Your enemies are your spiritual teachers — forgive them and learn from them. Fewer grudges, more compassion. Less taking, more giving.

7. Accumulate less, simplify more.

Stop piling up your life with too many commitments or things. If you have too many relationships in your life and no time for yourself, cut down on your number of commitments. If you have too many activities and a hectic schedule, prioritize and drop the things that don’t matter.

When it comes to material things, remember that the more stuff that occupies your life, the less you can focus on what truly matters. Simplify your spending, your purchases, your closets and your life.

8. See suffering as growth.

You may view hardships as painful life struggles. That view is causing you mental and physical suffering, but can you learn to see suffering as growth? Can you see suffering, including the people who cause it, as spiritual lessons?

Are you suffering needlessly?Learn to accept what comes your way with love and compassion. Sit with your feelings and thoughts instead of resisting your experiences or the pain that comes with it.

Unlike what modern society tells you, you don’t need anything more to be happy. No one or nothing can come into your life and improve it. You cease to suffer when you realize that you’re not lacking anything, or that you don’t need anything more.

9. More truth. Less hiding.

The ancient spiritual masters would encourage you to show up in the world as you are. Yet you might feel like you’re not likable enough and try to put up a front. Or perhaps you might try to please way too many people.

Instead of putting on a façade or being a people-pleaser, be true to yourself. Get clear on your values and priorities, and live according to them. You don’t have to change your personality or put on an act to have someone love you.

Find the courage to be yourself, to say what you believe in and to do what you were afraid of.

“You have to grow from the inside out. None can teach you, none can make you spiritual. There is no other teacher but your own soul.” -Swami Vivekananda

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10 Powerful Insights from Eckhart Tolle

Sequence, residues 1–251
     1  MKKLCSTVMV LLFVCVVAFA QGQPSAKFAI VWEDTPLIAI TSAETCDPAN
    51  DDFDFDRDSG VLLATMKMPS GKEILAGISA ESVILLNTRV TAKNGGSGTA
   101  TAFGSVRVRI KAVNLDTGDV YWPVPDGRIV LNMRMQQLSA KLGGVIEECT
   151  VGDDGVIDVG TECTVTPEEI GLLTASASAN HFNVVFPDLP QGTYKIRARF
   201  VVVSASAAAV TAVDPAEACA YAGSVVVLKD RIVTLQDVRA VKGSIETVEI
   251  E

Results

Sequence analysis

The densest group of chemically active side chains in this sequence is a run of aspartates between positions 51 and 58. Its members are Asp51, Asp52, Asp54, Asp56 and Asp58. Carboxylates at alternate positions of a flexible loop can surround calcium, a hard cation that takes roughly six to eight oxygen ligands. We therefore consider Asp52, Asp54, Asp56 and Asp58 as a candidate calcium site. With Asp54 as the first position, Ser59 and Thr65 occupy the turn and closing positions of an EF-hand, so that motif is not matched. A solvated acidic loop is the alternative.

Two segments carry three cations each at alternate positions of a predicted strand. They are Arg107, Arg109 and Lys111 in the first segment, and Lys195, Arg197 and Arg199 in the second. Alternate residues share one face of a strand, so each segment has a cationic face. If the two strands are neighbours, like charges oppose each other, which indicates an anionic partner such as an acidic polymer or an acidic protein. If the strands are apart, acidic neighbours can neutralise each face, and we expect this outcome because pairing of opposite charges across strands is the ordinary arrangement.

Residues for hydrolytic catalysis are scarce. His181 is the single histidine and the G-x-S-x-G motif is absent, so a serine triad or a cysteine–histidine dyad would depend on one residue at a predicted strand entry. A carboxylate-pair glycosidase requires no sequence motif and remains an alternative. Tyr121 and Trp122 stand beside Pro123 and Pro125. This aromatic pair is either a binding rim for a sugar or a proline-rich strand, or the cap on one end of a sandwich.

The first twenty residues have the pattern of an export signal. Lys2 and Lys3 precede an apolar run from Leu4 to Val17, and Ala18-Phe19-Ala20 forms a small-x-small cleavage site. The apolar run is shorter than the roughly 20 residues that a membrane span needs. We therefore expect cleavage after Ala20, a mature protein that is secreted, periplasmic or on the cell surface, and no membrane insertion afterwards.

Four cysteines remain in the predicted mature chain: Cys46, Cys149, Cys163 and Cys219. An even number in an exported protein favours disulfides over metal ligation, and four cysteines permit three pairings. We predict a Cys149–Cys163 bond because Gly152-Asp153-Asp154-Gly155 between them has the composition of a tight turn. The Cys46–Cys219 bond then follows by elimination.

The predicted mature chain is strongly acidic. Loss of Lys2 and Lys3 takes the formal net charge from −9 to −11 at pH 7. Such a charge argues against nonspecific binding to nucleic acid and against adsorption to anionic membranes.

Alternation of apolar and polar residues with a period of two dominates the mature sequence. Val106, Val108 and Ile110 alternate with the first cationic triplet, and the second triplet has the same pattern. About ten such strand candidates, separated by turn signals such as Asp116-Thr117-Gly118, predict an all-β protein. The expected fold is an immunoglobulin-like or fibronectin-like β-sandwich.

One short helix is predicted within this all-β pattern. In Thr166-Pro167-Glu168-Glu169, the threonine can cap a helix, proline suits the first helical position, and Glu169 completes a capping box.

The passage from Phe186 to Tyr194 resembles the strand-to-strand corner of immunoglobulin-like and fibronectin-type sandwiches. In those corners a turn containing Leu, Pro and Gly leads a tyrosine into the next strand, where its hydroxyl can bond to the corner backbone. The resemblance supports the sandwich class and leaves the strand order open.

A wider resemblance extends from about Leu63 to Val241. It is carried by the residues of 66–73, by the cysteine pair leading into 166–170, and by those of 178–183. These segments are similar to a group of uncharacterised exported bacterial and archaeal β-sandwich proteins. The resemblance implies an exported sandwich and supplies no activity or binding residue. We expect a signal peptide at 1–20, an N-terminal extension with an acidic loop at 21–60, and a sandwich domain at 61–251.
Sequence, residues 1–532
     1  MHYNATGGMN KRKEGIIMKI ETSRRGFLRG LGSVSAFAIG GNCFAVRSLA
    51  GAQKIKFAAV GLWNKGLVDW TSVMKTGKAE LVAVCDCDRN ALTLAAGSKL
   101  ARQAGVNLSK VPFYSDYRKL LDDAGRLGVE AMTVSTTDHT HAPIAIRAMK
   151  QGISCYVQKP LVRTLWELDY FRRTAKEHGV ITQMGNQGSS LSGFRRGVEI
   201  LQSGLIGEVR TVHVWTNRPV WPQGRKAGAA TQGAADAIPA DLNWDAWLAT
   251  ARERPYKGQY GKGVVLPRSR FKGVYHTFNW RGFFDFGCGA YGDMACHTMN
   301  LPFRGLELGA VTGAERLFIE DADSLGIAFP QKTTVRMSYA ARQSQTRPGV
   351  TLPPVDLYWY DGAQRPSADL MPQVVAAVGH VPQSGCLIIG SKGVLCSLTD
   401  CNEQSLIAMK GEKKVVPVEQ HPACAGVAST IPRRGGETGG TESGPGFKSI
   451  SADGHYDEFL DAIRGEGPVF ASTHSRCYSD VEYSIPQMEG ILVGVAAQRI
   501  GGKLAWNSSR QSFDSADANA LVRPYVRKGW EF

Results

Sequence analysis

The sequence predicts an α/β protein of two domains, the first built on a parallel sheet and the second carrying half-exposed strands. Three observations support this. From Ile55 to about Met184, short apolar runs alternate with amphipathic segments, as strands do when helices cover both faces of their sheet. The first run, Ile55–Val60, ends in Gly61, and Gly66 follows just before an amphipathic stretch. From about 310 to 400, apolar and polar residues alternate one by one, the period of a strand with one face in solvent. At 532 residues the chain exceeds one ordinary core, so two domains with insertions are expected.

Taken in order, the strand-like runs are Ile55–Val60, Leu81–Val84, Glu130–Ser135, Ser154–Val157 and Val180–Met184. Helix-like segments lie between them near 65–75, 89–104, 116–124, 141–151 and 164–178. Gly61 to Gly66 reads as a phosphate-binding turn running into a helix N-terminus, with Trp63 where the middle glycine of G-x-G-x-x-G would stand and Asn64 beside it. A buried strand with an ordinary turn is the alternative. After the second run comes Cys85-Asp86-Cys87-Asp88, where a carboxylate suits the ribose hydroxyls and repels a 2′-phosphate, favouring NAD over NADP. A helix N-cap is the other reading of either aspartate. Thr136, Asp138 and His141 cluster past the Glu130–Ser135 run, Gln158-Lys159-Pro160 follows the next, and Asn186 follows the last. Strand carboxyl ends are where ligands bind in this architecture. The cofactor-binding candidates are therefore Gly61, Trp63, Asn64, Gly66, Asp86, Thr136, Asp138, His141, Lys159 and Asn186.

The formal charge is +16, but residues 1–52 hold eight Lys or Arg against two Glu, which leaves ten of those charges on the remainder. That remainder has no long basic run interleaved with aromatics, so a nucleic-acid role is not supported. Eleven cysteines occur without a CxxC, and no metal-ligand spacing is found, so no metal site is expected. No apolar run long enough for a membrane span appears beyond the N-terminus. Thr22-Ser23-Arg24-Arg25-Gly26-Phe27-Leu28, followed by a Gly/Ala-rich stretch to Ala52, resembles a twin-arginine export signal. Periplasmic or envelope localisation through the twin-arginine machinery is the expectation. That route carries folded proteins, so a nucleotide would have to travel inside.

23 Mar 2015          By : Tanaaz Chubb     

Reading Eckhart Tolle’s book “A New Earth” was simply a life changing moment for me and since then I have followed and resonated with his teachings.

Here are 10 valuable and powerful insights taken from his teachings:

1.) Happiness: Seeking happiness is futile. If you seek happiness you will never find it. Happiness is created in the present moment by finding the joy in everything you do.

2.) Unhappiness: Situations don’t bring unhappiness, your thoughts about the situation do. Be aware of your thinking and aim to bring facts so situations rather than emotional “stories”. One example Tolle gives is this- “I am ruined”- this is an emotional story whereas, “I have 50 cents left in my bank account” is fact. Sticking to the facts will help bring you clarity to move forward.

3.) The Ego: The main voice in our head is the voice of the ego. You are not this voice, you are simply observing what this voice says. By observing this voice, instead of reacting with it, you create awareness and through this awareness you can free yourself from the limiting talk of the ego.

4.) Present: The present moment is the only moment that is real. The past is already gone and the future is not yet here, so the only way you can live with truth is to live in the present. Living in the present moment and focusing your attention to the here and the now is the first step to achieving higher consciousness.



“Realize deeply that the present moment is all you ever have.”

5.) I Am: Who are you? You are not your physical body but rather you are the essence that runs through it. While your body is your temple, identifying yourself with the physical can lead to suffering. Appreciate your body, but understand that you are so much more than it.

6.) Doing Good: Being a good person has nothing to do with “trying” to be good, being a good person starts with finding the goodness that is already present inside of you and then allowing it to emerge.

7.) Peace: If peace is what you really want, then you will always choose peace. If you would rather sit and suffer in the validation of the ego, you will go after the drama. Instead of trying to change your life in order to achieve peace, consider realizing instead who you are on the deepest level.

8.) Stress: The main cause of stress and anxiety is wanting things to be different than they currently are. When you bring acceptance to all situations, despite your expectations, you instantly remove the need for stress and worry.

“Stress is caused by being ‘here’ but wanting to be ‘there.’

9.) Love: Looking outside yourself for fulfilment is the work of the ego. Instead, bring your awareness to the treasures that you have within and know that to love another, is to recognize yourself in the other.

10.) Life: Whatever events life brings, know that they are here with the ultimate purpose of helping you to raise and expand your consciousness.